Geographical Information (GIS)

The quality of printed maps available in Italy varies enormously depending on the geographical area covered. The prime tourist areas (such as the Alps) are well documented, but the Apennines much less so.  In response to an EU initiative (Directive 2007/2/EC), each region of Italy has produced Geographical Information System (GIS) data which can be accessed online. This includes information on flood plains, the distribution of flora and fauna, population density, earthquake susceptibility, footpaths etc all superimposed on monochrome maps and/or aerial photographs of the regions concerned.

To view the GIS data the most widely used free application is QGIS (previously known as Quantum GIS) which may be downloaded here.  This software (which is available for Windows, Mac, Linux, BSD & Android) is extremely powerful and comprehensive, especially when used in conjunction with third party plug-ins. The learning curve is very steep, but once mastered there is little that QGIS is not capable of. Be aware, though, that no data are provided with QGIS – to make it useful one must link up to the Toscana WMS database (available here). Furthermore, the data cannot be downloaded for use offline – instead they must be viewed in real time online. Hence a fast internet connection is required if the constant redrawing of images on the screen is not to become tedious and tiring.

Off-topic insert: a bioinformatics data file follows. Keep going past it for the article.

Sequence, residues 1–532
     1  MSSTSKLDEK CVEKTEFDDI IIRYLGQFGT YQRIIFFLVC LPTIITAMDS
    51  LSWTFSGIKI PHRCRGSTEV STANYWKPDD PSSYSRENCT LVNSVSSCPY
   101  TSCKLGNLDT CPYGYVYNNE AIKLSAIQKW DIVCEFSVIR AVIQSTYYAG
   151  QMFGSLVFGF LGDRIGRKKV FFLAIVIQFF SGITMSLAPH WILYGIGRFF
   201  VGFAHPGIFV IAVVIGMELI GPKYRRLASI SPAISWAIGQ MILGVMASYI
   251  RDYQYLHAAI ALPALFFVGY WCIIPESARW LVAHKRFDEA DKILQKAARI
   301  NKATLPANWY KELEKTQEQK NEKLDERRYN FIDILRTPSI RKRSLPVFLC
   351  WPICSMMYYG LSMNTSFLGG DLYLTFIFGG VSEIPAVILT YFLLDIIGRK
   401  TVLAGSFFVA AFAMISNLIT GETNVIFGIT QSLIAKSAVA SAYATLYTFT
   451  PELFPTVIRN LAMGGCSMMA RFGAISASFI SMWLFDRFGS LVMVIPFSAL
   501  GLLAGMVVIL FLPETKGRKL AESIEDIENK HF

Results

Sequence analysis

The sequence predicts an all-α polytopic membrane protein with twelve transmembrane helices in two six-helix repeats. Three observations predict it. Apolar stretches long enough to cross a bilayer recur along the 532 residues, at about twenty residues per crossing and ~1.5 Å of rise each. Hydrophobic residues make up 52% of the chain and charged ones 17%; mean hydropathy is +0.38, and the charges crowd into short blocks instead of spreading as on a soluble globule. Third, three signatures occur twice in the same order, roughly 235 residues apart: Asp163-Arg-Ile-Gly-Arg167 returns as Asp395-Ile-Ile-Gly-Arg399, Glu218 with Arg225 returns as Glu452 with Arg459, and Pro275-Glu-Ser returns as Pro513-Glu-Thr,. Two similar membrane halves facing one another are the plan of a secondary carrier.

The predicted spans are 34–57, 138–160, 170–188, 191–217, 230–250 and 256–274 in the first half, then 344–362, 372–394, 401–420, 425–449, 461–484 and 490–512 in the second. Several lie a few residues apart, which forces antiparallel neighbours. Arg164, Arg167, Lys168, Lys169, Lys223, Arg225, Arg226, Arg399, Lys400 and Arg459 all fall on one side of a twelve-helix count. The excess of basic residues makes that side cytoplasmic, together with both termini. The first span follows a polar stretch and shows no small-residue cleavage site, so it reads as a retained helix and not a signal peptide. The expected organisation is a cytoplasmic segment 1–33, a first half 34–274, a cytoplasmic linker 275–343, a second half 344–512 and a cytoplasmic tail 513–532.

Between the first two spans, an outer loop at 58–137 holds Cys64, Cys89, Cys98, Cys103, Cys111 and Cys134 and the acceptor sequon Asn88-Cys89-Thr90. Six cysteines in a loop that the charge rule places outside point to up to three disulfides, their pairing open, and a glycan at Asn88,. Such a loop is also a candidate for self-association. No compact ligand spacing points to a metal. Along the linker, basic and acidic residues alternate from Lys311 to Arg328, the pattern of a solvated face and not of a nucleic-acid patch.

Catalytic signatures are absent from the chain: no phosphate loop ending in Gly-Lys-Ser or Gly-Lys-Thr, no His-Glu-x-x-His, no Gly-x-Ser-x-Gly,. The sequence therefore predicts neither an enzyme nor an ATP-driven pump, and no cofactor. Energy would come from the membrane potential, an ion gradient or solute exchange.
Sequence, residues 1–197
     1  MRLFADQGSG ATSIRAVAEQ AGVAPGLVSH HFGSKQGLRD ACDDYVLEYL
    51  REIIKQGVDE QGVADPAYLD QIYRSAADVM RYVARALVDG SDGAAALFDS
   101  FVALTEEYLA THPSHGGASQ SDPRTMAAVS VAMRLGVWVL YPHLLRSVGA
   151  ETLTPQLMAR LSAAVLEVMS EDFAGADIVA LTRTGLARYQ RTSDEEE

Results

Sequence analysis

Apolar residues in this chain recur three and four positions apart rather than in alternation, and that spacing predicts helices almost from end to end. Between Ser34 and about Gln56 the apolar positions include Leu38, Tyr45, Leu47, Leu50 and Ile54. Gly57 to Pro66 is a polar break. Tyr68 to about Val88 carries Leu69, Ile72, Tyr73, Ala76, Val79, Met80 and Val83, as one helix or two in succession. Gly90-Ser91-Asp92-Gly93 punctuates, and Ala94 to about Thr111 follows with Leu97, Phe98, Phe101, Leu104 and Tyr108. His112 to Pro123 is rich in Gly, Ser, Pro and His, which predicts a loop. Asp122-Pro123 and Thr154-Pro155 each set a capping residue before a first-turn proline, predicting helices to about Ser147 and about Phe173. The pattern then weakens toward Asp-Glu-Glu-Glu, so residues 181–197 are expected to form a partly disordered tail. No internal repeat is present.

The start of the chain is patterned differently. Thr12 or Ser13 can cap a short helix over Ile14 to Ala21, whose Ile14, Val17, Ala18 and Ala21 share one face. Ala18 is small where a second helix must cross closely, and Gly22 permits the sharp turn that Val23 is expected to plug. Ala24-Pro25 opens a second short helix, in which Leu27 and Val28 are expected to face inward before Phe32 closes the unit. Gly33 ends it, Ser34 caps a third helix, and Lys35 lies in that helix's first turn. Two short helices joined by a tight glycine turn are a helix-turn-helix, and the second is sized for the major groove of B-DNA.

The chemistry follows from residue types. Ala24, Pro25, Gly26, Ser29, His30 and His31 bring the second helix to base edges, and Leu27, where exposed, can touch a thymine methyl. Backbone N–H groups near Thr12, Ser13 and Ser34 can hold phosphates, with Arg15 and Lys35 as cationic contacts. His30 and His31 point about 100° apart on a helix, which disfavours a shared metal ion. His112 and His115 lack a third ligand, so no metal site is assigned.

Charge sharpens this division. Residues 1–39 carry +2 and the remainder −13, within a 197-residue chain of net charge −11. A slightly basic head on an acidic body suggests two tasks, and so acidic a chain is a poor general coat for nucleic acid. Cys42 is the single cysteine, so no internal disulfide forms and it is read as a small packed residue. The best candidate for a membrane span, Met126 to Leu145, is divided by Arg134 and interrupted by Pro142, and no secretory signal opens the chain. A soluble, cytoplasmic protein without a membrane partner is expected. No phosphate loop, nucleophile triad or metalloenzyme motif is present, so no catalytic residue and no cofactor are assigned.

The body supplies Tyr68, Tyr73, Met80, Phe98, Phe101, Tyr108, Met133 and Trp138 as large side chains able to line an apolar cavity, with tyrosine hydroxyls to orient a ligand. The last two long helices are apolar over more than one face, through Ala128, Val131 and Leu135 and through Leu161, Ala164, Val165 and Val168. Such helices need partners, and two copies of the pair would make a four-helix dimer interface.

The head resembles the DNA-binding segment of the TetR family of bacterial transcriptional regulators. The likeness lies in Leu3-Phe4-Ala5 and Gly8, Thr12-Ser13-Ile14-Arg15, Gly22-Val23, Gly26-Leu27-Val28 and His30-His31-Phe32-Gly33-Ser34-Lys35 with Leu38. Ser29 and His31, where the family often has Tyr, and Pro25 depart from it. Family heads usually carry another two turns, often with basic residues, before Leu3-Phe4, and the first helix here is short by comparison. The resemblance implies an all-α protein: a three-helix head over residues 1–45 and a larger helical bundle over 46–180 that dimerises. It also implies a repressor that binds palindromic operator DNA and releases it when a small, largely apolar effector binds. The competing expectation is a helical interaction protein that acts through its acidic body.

Be warned that the Toscana GIS data have not been updated since they were originally uploaded, and to claim they were incomplete would be a considerable understatement. For example, the footpath data relate to 2005 and incorporate only a tiny fraction of the waymarked paths observable on the ground.

The monolithic nature of QGIS and its reliance on a high speed internet connection means that it is not well suited to many applications. Those interested in footpaths are better served by the cloud-based OpenStreetMap which is far easier to use, more up-to-date and more readily comprehensible (though often less accurate and somewhat inconsistent).  A simple, clear and focussed front end to OpenStreetMap which displays walking routes in a particularly accessible format is – highly recommended.

Standalone software that can often be of use includes:

Garmin BaseCamp This (free) software is aimed at owners and users of Garmin GPS receivers. It is available in Windows and MacOS versions, but not Linux. The software allows maps, routes, tracks and waypoints to be transferred between a Garmin GPS and a PC. User-scanned custom maps and OpenStreetMap derived basemaps can be displayed – the former as overlays. Sadly, several of the most useful original features, such as Garmin’s cloud based data storage facility and adventure sharing, have now (2019) been discontinued and all development has ceased. The most recent bug-free version of the software is 4.6.2 which can be found here. Do not use the later Windows versions (eg 4.7.0 & 4.7.2) as, due to a bug, they won’t allow uploads of custom maps. The bug is reported to be corrected in MacOS version 4.8.9.